We’re on an epic spending spree on transit and roads around here, but nobody’s ever tallied up what it costs Seattleites. Now someone has.
Bad traffic and lousy transit are Seattle’s signature messes. So it’s understandable the government would throw some money at them. But, man, are we riding off on a transportation-spending jag for the ages.
The state, the city, Metro and light rail have all asked for record amounts of new money recently for road and transit projects. Each does it separately — this fall, for instance, only Seattle is on the ballot, with a roads levy that it promises “costs the average homeowner only $12 more per month.”
Nobody to my knowledge has ever added them all up. Until now, when someone out of government, the retired state transportation secretary Doug MacDonald, compiled how much this array of transportation plans is actually costing Seattleites.
“The plans are always pitched from the agency’s point of view — how much money they will bring in, and what projects they hope to do,” MacDonald says. “I wanted to flip it, to look at it from the consumer’s point of view. How much are you paying? Are you getting results?”
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In his 30-page study, MacDonald focused solely on Seattle residents. He found we pay a staggering 28 separate taxes, fees and user charges that funnel into the big transportation arms of government.
In 2014, the “typical Seattle resident,” living in an average $450,000 home, was contributing about $2,000 per household, per year, to these roads and transit agencies.
But four major new tax plans would boost that by 40 percent, to $2,800 per household, MacDonald calculated. Two have already passed — the Seattle bus plan last fall and the state’s 12-cents-per-gallon gas tax last summer. Seattle’s $930 million roads and transit levy is up for a vote Nov. 3. Sound Transit is going for $15 billion more in property and sales taxes for light rail next year.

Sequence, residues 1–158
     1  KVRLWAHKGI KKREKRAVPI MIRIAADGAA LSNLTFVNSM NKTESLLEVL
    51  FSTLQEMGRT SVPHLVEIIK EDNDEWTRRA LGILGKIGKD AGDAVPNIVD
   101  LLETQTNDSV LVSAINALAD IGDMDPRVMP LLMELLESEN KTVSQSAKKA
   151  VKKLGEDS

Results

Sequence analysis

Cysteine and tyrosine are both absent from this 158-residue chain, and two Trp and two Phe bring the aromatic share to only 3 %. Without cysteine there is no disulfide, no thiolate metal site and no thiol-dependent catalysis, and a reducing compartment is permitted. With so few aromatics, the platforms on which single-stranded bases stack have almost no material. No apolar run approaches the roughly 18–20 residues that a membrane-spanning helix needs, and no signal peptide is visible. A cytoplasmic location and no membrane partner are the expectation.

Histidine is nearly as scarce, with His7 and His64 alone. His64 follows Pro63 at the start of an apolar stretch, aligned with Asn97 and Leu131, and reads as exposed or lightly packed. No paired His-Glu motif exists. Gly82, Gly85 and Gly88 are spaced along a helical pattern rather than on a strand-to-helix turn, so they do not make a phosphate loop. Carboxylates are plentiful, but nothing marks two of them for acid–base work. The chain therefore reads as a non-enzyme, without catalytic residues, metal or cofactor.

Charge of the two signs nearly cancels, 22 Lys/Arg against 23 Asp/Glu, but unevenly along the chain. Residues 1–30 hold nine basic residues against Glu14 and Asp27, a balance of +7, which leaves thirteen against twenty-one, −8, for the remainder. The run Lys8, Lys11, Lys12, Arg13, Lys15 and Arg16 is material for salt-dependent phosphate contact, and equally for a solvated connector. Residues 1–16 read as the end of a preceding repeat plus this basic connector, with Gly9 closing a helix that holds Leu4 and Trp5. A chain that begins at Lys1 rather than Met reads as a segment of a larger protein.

Eight hundred dollars more every year is serious money. You can tell reading MacDonald’s study that it wasn’t commissioned or requested by anyone in charge.
“Nobody in the transportation agencies is going around saying, ‘Hey, our plans are going to cost you $800 a year more!’ ” MacDonald says. “It’s obviously not in their interests to broadcast that. The reality is that this is a hell of a big jump. It’s a whole lot more tax burden on Seattleites than anyone appreciates.”
Of that $800 per-household increase, about $400 would be devoted to light rail, $275 to Seattle and Metro for buses and road work and $125 to the state. Again this assumes the ballot measures are approved.
Is it too much money? Seattle voters are famously friendly to tax levies. My own view is that Seattle failed for decades to build out true mass transit. So the sorry truth is that while it’s incredibly costly to build it now, it’s a bill that’s got to be paid. Even as it’s also true the rising tax burden is another force hammering the working class out of the city.
But it’s on the question of “Are you getting any results?” where I’ve become more skeptical. MacDonald notes that even with all this money, some of which is paying for great projects, the systemwide planning and setting of priorities just isn’t there to solve the city’s worst congestion.
“Where is Seattle’s No. 1 traffic problem?” he asks. “There’s no question it’s I-5. But I-5 isn’t mentioned in any of these plans. It’s an orphan. The question of what we should do to make our city’s main arterial work better isn’t anybody’s specific problem, so it’s been shoved aside.
“That’s my critique — that nobody’s looking at the big picture, for costs or benefits. The attitude is ‘We’re spending money, a lot of money, so we must be doing OK.’ ”
I don’t agree with MacDonald on everything (he thinks light rail is a waste of resources, while I think it’s worth the high price to build true mass transit that moves in its own dedicated right of way, out of traffic).
But I’m glad somebody’s asking “How much is too much?” And “Are we getting our money’s worth?” These lines of questioning have become lost arts in Seattle politics.